US 2301584 A
Description (OCR text may contain errors)
R. A. RoDRlcK 2,301,584
Nov. 10, 1942.
SIGNAL DEVICE Filed Oct. ll, 1940 3 Sheets-Sheet l Y IIII Fii i9 INVENTOR RAYMOND A. RODRICK.
' BMW, ,1Min
ATTORNEY Nov. 10, 1942.
R. A. lRolDRlczK 2,301,584
SIGNAL DEVICE Filed Oct.
3 Sheets-Sheet 2 INVENTOR. /CFA YMCA/D 4. Renfe/CK.
NOV. A10, 1942. R' A. RODRICK 2,301,584
SIGNAL DEVICE Filed Oct, 11, 1940 3 SheetS-Sheetl 5 Fi .12 Y
I NVENTOR. RA YMOND A PoDP/CK.
Patented Nov. 10, 1.942
UNITI-:D STATES' PATENT oFFicE SIGNAL nevica Raymond A. Rodi-ick, Akron, Ohio Application October 11, 1940, Serial No. 360,810 s claims. (Caml-337) This invention relates to a signal device and more particularly to an improvement in signal devices for automobiles of the type disclosed in my copending application Serial No. 285,585, filed July 20, 1939. I
It is among the objects of my invention to provide a signal device which will include signal light units at the rear of the vehicle so as to indicate the intention of the driver with respect I to the continued progress of the vehicle, whether to left or right, and .whether or not acceleration or deceleration condition is to be established.
It is a further object of my invention to provide a signal device according to the preceding object that will include a switch box for the signal lights that may be conveniently mounted on the floor of the drivers compartment and be operated in conjunction with the foot pedal which is ordinarily used to -open and close the throttle.
It is a further object of my invention to provide a signal deviceaccording to the preceding objects, wherein a tilting of the foot pedal for the throttle about one axis will light a signal light, indicating throttle opening or closing condition and a tilting of the foot pedal about another axis will indicate the drivers intention with respect to directional progress ofthe-vehicle.
It is a further object of my invention to provide a signal device according to the preceding object, wherein the signal light which indicates directional progress of the vehicle is also controlled or limited by that movement of the foot pedal which indicates the forward progress of the vehicle.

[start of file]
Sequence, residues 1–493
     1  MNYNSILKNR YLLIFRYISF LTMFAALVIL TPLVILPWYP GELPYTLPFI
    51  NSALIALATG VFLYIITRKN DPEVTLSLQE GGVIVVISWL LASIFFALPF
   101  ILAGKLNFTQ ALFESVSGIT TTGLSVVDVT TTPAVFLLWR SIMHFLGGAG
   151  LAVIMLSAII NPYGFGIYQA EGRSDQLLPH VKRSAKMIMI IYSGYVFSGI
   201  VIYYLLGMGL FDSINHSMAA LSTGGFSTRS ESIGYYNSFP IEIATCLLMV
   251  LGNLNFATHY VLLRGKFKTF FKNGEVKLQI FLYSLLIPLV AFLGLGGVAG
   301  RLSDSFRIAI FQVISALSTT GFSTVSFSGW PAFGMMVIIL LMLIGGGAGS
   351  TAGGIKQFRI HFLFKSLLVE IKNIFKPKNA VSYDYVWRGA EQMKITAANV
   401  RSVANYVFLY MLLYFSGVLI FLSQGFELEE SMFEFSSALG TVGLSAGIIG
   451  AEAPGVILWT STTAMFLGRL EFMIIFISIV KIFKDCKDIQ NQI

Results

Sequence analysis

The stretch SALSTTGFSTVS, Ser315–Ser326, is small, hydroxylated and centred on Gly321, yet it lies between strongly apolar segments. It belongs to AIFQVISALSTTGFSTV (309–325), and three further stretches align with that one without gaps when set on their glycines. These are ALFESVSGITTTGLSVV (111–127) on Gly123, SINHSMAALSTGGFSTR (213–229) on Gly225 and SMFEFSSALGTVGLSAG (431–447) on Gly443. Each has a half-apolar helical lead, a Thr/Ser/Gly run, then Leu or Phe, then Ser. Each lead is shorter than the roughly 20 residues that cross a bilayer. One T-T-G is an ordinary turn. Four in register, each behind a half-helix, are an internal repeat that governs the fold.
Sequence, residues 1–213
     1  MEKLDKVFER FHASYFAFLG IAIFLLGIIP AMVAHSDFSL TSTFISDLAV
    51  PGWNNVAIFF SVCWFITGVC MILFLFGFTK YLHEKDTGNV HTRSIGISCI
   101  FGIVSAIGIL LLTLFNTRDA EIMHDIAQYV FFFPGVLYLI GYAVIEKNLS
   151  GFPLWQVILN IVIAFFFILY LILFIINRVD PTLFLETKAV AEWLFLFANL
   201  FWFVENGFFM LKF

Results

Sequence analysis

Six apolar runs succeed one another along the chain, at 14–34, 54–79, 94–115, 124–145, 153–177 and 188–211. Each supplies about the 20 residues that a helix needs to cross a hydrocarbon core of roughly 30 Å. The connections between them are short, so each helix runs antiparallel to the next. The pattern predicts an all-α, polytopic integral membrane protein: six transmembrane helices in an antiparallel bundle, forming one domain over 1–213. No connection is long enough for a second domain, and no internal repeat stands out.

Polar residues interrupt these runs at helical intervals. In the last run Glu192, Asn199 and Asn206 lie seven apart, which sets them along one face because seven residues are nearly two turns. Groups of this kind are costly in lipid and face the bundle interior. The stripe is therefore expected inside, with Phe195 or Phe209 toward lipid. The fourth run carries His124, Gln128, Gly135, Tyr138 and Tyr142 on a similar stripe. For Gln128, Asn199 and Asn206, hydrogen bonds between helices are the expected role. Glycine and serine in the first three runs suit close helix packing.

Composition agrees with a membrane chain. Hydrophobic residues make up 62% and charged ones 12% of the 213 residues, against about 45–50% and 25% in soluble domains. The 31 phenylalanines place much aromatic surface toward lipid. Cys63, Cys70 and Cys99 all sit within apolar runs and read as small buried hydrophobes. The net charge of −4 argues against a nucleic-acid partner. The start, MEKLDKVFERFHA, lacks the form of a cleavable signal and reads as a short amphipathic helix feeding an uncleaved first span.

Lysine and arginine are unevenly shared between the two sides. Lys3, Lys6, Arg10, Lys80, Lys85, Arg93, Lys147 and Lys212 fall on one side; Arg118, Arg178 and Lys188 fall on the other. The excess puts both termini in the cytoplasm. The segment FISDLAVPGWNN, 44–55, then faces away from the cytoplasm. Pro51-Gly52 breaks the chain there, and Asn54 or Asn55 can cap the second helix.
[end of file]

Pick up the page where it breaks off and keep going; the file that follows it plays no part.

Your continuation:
As will be understood from the disclosure of my copending application above referred to, I have therein provided a directional signal/light system and a signal light system indicating throttle-opening conditions, both of 'which are controlled and operated by a single foot pedal.
One of the important advantages and improvements of my invention is an arrangement whereby the directional signal light may be operated by tilting the foot pedal about one axis and the current flowing through such directional signal light will be automatically interrupted by a foot throttle movement about another axis.
It will be understood by those familiar with this art that as the driver of the vehicle approaches a corner where it is intended to make a right-hand turn, and he so operates the signal light device to indicate a turn, it is important that as soon as the turn is negotiated the signal light indicating the turn be rendered inoperative.
Numerous signal devices heretofore provided 55 for use in motor vehicles have resulted in arrangements which requlre conscious and voluntary effort on the part of the operator to interrupt the directional signal light after a turn has been effected. Failure on the part of the operator to shut oif or otherwise render inoperative the directional signal light, after a turn has been made, results in the vehicle proceeding down the highway and indicating a turn long after the turn has been made. Danger attendant upon an arrangement which requires conscious and voluntary action on the part of the operator have resulted in the prohibition in certain states of the use of signal lights of this type.
According to my invention, the signal light device is operated so as to indicate a turn and thereafter as the turn is being effected, the normal accelerating action by the operator automatically interrupts the directional signal so that no conscious or voluntary elort on the part of the operator is .required to interrupt the directional signal light. This action is accomplished according to my invention by an interlocking arrangement between the switch parts which operate the lights indicating throttle opening and the switch parts which operate the directional signal lights.
Further objects and advantages relating to simplicity in construction, economies in manufacture and safety in operation of the vehicle will be found in the following description and the appended drawings, wherein:
Figure 1 is a wiring diagram for a signal light system made according to my invention;